Practice Makes Healthy
Ex-NFLer Winslow Advises Good Habits
Hanover — Early in his search for a university or a college at which to practice the gospel of wellness he’s been preaching, Kellen Winslow Sr. noticed a few things as soon as he drove onto the Dartmouth campus yesterday.
“I saw people out running — all over the place,” the Pro Football Hall of Fame tight end told an audience of about 30 students, faculty and administrators in Dartmouth Hall. “And lots of people were working out in your recreation center. I’ve gone to campuses with great facilities, and in the morning you’d look in and it’s empty. In the evening, it’s empty.”
While Dartmouth’s passion for fitness is clearly contagious, Winslow continued, the model can be harder to copy at universities that attract students who didn’t grow up in that kind of atmosphere, either at school or at home.
“A lot of it is socioeconomic,” said Winslow, who in the past five years has overseen wellness programs as part of his positions as athletic director at Ohio’s Central State University and then Wisconsin’s Lakeland College. Lower-income students of all races who, growing up in families just trying to make ends meet and can’t afford to join health clubs, tend to develop bad nutritional habits from eating fast food in neighborhoods with little access to affordable fresh vegetables and fruit.
“It’s part of being in a culture where there are no role models,” Winslow said.
Even at Dartmouth, leaders continue to fine-tune efforts to help students make good choices — sleep more, drink less or at least more responsibly — and to encourage employees to stay healthy, said dean of the college Charlotte Johnson, who invited Winslow to campus. Johnson pointed to the hiring of Dartmouth graduate Aurora Matzkin as director of the Dartmouth College Health Improvement Project.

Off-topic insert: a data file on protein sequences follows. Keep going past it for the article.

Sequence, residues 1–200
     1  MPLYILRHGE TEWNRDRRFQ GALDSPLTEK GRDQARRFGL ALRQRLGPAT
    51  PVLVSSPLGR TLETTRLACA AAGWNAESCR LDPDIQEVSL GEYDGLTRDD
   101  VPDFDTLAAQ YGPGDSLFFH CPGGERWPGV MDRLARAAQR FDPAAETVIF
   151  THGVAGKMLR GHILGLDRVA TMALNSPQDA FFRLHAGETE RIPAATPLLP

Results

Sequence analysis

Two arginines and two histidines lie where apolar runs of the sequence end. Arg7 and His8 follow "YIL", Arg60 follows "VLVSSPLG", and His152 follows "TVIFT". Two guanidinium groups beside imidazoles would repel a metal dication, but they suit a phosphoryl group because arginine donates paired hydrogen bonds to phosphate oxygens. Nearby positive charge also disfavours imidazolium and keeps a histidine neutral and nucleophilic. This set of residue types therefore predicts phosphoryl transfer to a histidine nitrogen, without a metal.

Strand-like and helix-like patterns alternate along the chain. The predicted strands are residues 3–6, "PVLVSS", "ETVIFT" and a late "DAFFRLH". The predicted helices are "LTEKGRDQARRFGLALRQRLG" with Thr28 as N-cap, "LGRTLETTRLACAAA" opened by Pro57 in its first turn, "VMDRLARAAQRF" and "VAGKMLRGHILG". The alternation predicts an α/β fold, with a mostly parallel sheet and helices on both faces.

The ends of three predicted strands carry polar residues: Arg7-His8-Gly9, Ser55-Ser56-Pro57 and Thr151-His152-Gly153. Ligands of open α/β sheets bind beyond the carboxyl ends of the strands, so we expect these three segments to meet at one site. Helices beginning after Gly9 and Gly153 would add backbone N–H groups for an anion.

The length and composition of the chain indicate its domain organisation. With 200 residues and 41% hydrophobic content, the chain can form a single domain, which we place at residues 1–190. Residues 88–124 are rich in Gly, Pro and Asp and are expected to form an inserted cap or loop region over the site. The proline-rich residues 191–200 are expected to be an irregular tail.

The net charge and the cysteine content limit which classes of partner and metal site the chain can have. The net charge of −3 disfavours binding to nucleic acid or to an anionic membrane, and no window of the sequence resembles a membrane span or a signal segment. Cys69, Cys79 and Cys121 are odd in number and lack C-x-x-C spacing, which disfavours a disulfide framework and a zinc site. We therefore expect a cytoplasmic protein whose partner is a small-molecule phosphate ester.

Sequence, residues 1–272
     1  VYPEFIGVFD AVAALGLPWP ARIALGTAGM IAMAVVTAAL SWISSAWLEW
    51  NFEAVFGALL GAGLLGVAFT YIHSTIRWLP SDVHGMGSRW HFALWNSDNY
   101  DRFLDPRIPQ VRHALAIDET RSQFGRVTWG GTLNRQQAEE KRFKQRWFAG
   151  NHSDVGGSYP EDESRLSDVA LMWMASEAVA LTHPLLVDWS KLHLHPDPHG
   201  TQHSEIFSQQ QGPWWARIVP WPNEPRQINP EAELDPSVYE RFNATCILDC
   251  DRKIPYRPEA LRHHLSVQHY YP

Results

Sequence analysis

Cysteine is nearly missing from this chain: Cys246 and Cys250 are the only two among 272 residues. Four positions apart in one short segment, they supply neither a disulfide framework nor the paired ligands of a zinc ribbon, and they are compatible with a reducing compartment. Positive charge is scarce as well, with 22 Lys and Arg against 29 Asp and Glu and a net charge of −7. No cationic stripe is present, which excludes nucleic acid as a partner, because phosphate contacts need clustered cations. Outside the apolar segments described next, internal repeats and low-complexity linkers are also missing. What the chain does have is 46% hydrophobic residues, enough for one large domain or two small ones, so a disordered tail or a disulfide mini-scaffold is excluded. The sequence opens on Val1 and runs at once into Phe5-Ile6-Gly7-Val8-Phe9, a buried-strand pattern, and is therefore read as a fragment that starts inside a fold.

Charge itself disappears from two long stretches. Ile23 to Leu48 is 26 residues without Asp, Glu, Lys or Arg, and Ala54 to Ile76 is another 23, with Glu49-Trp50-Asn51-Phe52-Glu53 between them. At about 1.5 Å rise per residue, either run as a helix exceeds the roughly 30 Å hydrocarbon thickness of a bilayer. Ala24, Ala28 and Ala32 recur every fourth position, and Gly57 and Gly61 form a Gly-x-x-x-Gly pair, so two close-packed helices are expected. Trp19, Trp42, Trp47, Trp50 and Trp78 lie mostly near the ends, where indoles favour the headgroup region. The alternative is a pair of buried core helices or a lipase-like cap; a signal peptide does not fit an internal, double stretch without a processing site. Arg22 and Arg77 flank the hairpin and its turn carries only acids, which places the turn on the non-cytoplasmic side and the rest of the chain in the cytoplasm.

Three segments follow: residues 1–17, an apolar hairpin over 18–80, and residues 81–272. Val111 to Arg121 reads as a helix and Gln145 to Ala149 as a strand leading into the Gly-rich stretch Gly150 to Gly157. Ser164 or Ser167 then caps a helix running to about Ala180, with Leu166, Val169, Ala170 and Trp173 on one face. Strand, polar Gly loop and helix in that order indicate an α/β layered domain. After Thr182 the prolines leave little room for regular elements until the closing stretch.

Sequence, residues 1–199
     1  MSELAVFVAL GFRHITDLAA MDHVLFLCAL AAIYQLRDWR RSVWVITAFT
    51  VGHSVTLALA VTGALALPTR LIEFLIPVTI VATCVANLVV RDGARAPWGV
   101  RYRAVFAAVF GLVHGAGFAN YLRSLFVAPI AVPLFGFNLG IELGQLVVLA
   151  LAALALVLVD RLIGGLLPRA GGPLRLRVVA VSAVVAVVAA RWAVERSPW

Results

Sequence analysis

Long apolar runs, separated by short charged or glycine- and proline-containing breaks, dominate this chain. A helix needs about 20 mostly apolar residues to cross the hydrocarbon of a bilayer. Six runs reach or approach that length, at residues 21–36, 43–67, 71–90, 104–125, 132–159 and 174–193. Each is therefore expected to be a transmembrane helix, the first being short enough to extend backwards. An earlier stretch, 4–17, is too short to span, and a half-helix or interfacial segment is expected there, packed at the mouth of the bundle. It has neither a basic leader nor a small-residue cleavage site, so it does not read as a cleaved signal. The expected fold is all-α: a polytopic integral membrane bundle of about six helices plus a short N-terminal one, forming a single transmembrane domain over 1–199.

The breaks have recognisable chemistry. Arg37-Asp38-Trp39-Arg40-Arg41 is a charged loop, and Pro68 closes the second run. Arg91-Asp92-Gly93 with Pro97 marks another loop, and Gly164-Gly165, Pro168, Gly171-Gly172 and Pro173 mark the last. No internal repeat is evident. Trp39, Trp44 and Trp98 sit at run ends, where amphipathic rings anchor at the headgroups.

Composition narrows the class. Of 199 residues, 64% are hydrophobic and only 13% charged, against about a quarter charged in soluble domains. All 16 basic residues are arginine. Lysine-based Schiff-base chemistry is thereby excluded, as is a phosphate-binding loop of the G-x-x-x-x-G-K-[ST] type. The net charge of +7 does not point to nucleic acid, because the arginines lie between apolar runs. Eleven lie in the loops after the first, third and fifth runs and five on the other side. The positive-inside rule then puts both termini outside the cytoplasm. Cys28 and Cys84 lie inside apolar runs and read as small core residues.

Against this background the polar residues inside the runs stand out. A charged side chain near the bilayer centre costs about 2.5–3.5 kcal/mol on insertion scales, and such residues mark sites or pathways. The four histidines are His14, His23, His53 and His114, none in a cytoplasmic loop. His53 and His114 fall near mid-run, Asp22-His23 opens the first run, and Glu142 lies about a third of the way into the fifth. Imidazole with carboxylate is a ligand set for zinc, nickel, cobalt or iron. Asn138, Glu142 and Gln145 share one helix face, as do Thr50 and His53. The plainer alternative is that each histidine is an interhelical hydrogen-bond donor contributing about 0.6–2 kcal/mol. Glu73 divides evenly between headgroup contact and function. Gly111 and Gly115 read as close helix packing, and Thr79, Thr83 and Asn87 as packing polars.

“Our vision for wellness is very much a holistic one,” Johnson said. “We have a lot of great pieces in terms of resources, and we’ll be linking those pieces, making them part of a comprehensive program.
“Dartmouth has a culture where 25 percent of our students are athletes, and you see that reflected on campus. But there are lessons to be learned across our populations.”
Winslow, who earned a law degree after his nine seasons with the San Diego Chargers, spent time as a TV and radio analyst for college and pro football, said that he began to understand the need to teach students good health habits while working in a variety of roles at Walt Disney World, including a stint as director of sports attractions.
“With 75,000 employees, our health-care costs were just enormous,” he recalled. “I was on a committee studying how to cut down those costs, and I remember one of the other members saying, ‘My God, we need to hire healthier people.’ ”
Colleges and universities are in the best position to make their graduates more attractive to potential employers, Winslow added.
“It’s about teaching them to be competitive in a global job market,” he said. “These days you can be going into a job interview, and you’ve got a corporate recruiter asking, ‘How much are you going to cost me from a health-care perspective?’ Students go into those job interviews unaware of those questions.”
Winslow said that universities could attract increasingly scarce federal dollars by graduating healthier students at higher rates, students who are better able to repay their loans. When he finds an institution willing to follow his plan, he will institute wellness classes for which students could earn credits as “part of a requirement for graduation.”
He also envisions revamping student dining services, including the kind of “no-fry zone” he proposed at Lakeland.
“It really sends a message,” Winslow said. “It has to be campus-wide.”
After his presentation, Winslow said that while he encountered institutional resistance to such measures, he remains optimistic that universities eventually will see what corporations are already figuring out with incentives — some financial — to employees to shape up and eat better.
“If you can teach that in an academic setting,” he concluded, “I truly believe you can turn out a better graduate.”